Thursday, October 4, 2018

A Wave Of Biometric Suits Strikes Illinois Businesses (Again)

Illinois companies have taken a hit these last couple of weeks over the biometric timekeeping systems they’ve been using with their employees.

We reported last October on the increase of complaints against employers for violating the Illinois Biometric Information Privacy Act. Although the Act was implemented back in 2008, there was an upsurge in class action lawsuits against Illinois employers who use biometric timekeeping within their businesses in 2017.

Under the Act, in order for biometric information (i.e., fingerprints) to be collected, used or stored, a business entity must obtain a written release from the person from which the information is collected. Additionally, the Act requires a business to have a written schedule for retention and disposal of any biometric data collected, used or stored.

Since September 24, 2018, four lawsuits have been filed against Illinois companies involving violations of the Biometric Information Privacy Act. Of these four lawsuits, three of them involve violations, by the employer, of the Act’s disclosure requirements.

These three lawsuits involving Illinois business include: U-Tec Group Inc., Loews Hotel, and Medline Industries. The common theme among the three separate lawsuits is that each company failed to inform their employees of the necessary disclosures in order to make an informed decision regarding the risks of using such biometrics in the workplace. Each complaint includes the claim that the employer must inform employees in writing of how they will collect and store such information, and for how long. And, each complaint also alleges that the companies individually failed to do just that. A specific concern raised in the complaints was that employees are not being told, and not giving consent, on how long this information will be stored for, creating a violation of the employees’ privacy.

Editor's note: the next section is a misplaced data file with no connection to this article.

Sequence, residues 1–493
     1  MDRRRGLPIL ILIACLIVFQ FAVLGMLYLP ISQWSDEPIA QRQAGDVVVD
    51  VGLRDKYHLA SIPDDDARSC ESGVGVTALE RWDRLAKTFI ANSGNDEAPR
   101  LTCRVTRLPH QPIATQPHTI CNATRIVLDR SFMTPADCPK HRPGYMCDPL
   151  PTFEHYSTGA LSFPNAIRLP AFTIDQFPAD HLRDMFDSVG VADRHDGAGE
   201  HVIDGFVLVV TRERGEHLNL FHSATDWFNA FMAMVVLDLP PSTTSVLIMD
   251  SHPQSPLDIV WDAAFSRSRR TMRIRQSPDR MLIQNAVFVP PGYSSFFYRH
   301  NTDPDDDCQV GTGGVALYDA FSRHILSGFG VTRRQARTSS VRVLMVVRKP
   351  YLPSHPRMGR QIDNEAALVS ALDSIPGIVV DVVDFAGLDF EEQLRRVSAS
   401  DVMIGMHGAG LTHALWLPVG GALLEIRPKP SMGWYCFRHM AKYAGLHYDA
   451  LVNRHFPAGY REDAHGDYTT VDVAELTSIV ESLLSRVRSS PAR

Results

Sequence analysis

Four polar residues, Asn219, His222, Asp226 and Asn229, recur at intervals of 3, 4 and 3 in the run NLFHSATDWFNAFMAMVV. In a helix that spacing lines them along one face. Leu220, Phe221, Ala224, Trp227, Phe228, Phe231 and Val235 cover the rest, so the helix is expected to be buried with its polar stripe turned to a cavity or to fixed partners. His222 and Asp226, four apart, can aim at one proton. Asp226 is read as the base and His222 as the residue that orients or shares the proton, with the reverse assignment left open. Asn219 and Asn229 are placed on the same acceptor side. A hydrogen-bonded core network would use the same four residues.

The fourth lawsuit in this string of recent cases involves the Illinois-based lighting company Conservation Technology of Illinois, LLC, which does business as Con-Tech Lighting. The company, like the other three, is using fingerprint scans for time-tracking purposes. However, this complaint raises a different issue: the company failed to implement the proper policies regarding the collection and sharing of biometric information. The Act requires businesses to establish policies regarding the extent that they intend to store, share and get rid of any collected biometric information. Considering such information acts as a unique identifier associated with each employee, this issue raises serious and irreversible privacy risks if improperly shared.

It is worth noting that none of the plaintiffs in these recent cases are alleging inappropriate disclosure of biometric information; they only allege procedural violations. The Act allows for damages of $5,000 for each willful or reckless violation, as well as $1,000 for each negligent violation. With such significant penalties at risk, employers are wise to pay special attention to their processes when implementing biometric based programs in their workplaces.